The FDA has approved aripiprazole tablets with a sensor to digitally track whether patients have taken their medication.
The US Food and Drug Administration has approved aripiprazole tablets with a sensor to digitally track whether patients have taken their medication (Abilify MyCite). The agent and sensor is approved for schizophrenia, acute treatment of manic and mixed episodes associated with bipolar I disorder and as an add-on treatment for depression in adults.
Aripiprazole was initially approved by the FDA in 2002 as a treatment for patients with schizophrenia, with subsequent indications for other mental illnesses. The sensor that is used along with the medication was first cleared for use by the FDA in 2012; however, the approval of the pill and the sensor together represents a milestone for the FDA. The sensor in Abilify MyCite syncs with a smart phone and sends an alert when the medication is ingested via a patch worn on the skin.
“Being able to track ingestion of medications prescribed for mental illness may be useful for some patients,” Mitchell Mathis, MD, director of the Division of Psychiatry Products in the FDA’s Center for Drug Evaluation and Research, said in a statement. “The FDA supports the development and use of new technology in prescription drugs and is committed to working with companies to understand how technology might benefit patients and prescribers.”
The application for aripiprazole with the embedded sensor was originally accepted by the FDA for review in September 2015, which was followed by a complete response letter requesting more information on the digital drug. A resubmission of the new drug application was accepted by the agency in May 2017. The patch and sensor is manufactured by the company Proteus Digital Health and aripiprazole is marketed by Otsuka Pharmaceutical.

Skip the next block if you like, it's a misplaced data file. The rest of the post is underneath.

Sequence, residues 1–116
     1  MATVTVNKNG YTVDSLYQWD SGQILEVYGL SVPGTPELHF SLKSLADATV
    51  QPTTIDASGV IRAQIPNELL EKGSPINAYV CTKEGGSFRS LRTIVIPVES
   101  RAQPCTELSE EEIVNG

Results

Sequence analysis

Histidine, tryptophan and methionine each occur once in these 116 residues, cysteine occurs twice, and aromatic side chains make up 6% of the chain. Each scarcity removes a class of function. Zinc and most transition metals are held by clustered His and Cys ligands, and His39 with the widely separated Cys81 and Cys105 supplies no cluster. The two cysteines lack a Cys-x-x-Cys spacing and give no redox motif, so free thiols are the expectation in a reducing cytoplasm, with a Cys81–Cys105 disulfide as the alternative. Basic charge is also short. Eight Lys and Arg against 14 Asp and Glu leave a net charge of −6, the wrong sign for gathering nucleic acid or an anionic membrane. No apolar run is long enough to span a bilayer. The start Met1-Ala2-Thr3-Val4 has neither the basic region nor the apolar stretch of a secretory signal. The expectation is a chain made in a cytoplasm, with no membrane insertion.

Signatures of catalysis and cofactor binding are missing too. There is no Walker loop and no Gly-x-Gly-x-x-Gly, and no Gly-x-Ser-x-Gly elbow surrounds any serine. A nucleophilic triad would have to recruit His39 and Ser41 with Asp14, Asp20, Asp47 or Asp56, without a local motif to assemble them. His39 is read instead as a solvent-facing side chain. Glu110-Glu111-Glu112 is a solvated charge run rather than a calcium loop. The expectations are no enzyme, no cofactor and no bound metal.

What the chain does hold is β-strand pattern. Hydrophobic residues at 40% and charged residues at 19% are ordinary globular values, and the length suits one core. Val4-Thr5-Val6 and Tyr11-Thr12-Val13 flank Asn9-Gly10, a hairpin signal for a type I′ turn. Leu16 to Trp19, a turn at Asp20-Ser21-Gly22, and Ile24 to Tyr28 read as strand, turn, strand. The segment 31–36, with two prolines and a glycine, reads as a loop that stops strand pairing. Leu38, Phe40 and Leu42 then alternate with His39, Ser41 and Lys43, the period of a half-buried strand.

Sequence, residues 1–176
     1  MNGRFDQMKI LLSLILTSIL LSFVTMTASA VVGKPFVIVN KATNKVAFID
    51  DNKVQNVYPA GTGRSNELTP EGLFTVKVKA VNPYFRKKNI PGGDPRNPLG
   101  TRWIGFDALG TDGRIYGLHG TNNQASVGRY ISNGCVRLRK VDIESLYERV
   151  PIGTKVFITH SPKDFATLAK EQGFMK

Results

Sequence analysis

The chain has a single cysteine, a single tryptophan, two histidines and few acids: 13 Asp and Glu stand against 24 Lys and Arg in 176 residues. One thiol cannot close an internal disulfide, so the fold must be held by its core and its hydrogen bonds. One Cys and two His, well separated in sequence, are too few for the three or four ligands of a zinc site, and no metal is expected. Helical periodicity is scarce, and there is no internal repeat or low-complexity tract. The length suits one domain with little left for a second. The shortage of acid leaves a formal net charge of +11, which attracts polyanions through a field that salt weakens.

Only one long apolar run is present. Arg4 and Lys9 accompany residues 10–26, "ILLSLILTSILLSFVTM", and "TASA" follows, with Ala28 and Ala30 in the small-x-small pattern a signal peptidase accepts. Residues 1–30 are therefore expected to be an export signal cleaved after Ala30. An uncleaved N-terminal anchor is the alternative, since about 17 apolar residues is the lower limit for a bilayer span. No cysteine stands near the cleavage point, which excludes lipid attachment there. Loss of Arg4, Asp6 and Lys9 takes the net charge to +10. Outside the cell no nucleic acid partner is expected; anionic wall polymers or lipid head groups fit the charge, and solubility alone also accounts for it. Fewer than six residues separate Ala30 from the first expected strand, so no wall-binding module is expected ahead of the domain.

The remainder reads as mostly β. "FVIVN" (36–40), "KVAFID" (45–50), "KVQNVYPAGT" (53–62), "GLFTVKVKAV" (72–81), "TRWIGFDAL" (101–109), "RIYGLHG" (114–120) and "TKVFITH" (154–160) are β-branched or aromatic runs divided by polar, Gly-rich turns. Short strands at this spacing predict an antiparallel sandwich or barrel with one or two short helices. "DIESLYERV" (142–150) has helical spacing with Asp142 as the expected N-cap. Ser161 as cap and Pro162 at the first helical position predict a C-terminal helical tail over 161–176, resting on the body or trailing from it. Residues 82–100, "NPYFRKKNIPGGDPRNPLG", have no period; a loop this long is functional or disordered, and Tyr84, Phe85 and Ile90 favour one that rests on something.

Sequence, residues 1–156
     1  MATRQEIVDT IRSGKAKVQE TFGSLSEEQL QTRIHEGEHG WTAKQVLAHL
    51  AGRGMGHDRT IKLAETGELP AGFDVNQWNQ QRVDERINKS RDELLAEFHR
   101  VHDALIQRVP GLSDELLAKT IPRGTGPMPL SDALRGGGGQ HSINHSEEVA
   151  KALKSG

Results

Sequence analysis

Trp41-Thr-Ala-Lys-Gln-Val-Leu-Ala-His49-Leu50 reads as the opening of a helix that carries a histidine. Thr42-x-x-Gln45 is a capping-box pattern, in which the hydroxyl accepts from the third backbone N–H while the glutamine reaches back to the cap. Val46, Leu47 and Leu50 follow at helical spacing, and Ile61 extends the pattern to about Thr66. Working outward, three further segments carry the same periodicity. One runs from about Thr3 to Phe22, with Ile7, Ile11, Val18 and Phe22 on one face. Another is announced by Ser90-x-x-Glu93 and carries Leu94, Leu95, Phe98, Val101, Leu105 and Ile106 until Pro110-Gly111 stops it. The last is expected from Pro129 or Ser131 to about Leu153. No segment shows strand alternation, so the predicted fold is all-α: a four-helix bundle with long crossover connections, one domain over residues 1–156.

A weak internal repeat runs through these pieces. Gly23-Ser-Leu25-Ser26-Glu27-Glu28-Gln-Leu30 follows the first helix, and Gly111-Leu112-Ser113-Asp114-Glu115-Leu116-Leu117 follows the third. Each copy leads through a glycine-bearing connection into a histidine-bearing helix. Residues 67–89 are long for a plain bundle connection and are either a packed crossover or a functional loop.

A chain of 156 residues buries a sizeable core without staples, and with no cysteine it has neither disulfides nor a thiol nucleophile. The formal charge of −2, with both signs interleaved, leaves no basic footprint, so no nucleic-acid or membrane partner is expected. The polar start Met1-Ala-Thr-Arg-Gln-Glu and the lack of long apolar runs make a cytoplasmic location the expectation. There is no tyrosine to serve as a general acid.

The sensor embedded into the tablet is approximately the size of a grain of sand, according to Proteus. The sensor is activated upon reaching the fluids in the stomach, where it begins to report that is has been ingested. Additionally, the sensor also records pharmacokinetic and pharmacodynamic data on activity level.
The FDA advised that healthcare professionals should show patients how to use the drug, patch, and app before prescribing the medication. Data from the tracker can be kept private for the patient alone to see, with the option to share data with healthcare professionals or other individuals, if desired. On the app, patients can also share information on measures of rest and mood.
The ability to track ingestion of the medication is meant to cut back on medical waste while improving adherence, although data to support this are lacking for Abilify MyCite, according to the FDA. Estimates suggest that 50% of patients with chronic conditions do not take their medications, costing the US healthcare system upwards of $100 billion in avoidable costs. Additionally, according to findings publish in the Journal of Clinical Psychiatry, patients with schizophrenia are particularly vulnerable to non-adherence.
In addition to lacking data supporting improvements in adherence, the FDA also noted that the patch and sensor should not be used in an emergency to ensure treatment has been taken. In general, communication between the pill, patch, and app are delayed, and data are not available in "real-time," according to the FDA.
Keeping with the longstanding label for aripiprazole, Abilify MyCite was also approved with a Boxed Warning concerning an increased risk of death when used as a treatment for elderly patients with dementia-related psychosis. Additionally, the medication has been associated with increased suicidal thoughts and behavior in children, adolescents, and young adults taking antidepressants.
In clinical trials establishing the efficacy of aripiprazole, the most common adverse events were nausea, vomiting, constipation, headache, dizziness, akathisia, anxiety, insomnia, and restlessness. The common adverse events associated with the sensor were related to the patch, and were predominantly skin irritation.